International Drive, for those who don’t know, is a long road running through Orlando filled to the brim with hotels, local businesses, and entertainment, which means you won’t be short of food and places to keep yourself busy. But of course the painful thing is getting to the different parks which are stationed at the different ends of International Drive. Not to worry because it’s quite easy once you know what you’re doing.

Uber is the easiest option, because let’s face it, the taxi’s in Orlando are far too expensive. Unfortunately Uber is painfully restricted by its dependence on Wi-Fi, and its many glitches within the system (which caused us many problems throughout the holiday, to which we got stranded at one of the parks and had to pay $30 to get back to our hotel via taxi). Plus, at select hotels you can get free transportation to the Universal Orlando parks, along with paid transport to Disney, granting you multiple days transport to their parks to which you can chose the dates and times.

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Anyway, Magic Kingdom. You’ll usually end up at the Transportation and Ticket Centre in order to reach Magic Kingdom (although you can access Epcot this way too) by passing through a security check (this is something you’ll have to get used to, America is thorough when it comes to searches, as well as making sure all your details check out, particularly when it comes to your finger prints being scanned upon entry to every park across Orlando).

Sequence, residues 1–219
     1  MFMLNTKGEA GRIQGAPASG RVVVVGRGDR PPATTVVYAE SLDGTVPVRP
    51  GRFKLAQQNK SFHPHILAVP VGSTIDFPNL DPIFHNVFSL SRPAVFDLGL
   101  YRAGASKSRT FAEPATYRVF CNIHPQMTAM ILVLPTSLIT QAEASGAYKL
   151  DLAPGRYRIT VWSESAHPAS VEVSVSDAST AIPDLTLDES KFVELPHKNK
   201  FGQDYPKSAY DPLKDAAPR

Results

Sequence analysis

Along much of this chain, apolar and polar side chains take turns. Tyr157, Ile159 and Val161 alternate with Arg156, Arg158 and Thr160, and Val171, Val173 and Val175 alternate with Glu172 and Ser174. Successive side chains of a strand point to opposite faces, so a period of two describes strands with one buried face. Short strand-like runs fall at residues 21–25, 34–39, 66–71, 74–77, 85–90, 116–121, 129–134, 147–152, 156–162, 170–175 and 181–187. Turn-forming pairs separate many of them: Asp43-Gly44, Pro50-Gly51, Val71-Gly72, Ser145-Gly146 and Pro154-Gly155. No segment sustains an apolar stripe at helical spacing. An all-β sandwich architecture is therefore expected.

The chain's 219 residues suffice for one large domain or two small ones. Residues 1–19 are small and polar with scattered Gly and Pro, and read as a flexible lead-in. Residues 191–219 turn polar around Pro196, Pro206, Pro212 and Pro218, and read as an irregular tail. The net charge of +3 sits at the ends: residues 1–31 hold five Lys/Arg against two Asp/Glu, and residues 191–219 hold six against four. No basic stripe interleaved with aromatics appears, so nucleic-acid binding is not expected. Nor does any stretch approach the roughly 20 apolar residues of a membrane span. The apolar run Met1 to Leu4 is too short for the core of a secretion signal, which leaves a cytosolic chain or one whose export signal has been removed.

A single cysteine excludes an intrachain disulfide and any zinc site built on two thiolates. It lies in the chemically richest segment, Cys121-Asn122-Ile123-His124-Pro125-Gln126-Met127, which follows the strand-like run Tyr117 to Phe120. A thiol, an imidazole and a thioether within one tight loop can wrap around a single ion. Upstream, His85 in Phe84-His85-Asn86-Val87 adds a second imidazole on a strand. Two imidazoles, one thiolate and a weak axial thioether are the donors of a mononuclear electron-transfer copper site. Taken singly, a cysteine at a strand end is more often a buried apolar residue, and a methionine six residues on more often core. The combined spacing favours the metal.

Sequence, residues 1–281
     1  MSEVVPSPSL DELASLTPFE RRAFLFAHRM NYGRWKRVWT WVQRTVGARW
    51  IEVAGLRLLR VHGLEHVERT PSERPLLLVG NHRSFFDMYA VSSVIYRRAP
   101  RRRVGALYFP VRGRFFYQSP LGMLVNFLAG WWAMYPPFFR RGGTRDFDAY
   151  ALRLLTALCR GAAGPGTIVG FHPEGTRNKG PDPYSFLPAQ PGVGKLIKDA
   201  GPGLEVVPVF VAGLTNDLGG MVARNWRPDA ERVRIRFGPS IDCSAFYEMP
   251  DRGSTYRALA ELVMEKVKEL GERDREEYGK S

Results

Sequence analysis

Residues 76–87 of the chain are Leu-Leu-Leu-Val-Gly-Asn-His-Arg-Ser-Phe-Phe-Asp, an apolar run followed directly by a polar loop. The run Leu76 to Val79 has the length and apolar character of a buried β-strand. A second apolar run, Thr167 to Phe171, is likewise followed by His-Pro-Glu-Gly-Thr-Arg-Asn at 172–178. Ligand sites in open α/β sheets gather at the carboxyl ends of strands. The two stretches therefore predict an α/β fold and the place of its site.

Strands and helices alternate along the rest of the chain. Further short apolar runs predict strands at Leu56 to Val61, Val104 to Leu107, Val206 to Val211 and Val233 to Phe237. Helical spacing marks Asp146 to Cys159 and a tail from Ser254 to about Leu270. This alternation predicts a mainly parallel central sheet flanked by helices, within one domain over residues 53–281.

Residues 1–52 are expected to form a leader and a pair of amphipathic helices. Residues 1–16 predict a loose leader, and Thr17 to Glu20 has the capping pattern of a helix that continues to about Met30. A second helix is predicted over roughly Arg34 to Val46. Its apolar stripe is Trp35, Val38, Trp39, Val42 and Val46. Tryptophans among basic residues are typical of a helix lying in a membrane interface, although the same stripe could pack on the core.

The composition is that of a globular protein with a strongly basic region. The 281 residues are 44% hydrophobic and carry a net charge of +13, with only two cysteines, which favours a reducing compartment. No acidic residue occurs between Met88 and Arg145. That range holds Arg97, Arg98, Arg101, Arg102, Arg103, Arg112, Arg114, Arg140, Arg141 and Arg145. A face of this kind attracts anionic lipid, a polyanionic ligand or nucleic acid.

Then you can either ride the Monorail or the Ferry to get to Magic Kingdom. Both means of travel are fun to do, but I guess it all depends on your preference, particularly when it comes to how fast you want to get to the park. With this in mind I would probably recommend the Monorail above the Ferry, but I will admit I like using the Ferry because it’s a fun little ride and it’s nice to slowly sail up to Cinderella’s Castle. Plus they play plenty of songs from your favourite Disney classics to get you into the Disney spirit.

Upon arriving at the Magic Kingdom you are blown away. It’s an impressive spectacle that must be experienced first-hand. Although I do always find the entrance area to the park rather at odds with the usual themes of Disney, to which you’re surrounded by an old American setting where everything is all yee-old America, hence the areas name “Main Street, USA”.

The high-street is filled with shops either side selling all kinds of Disney merchandise from clothing, ornaments, jewellery, and even food products. There’s also a really nice ice-cream parlour at the end which me and my partner would always go to (the smell inside the store just puts you in the mood to have something sweet and tasty). And ahead of you is Cinderella’s Castle in all its glory and from there the world is your oyster.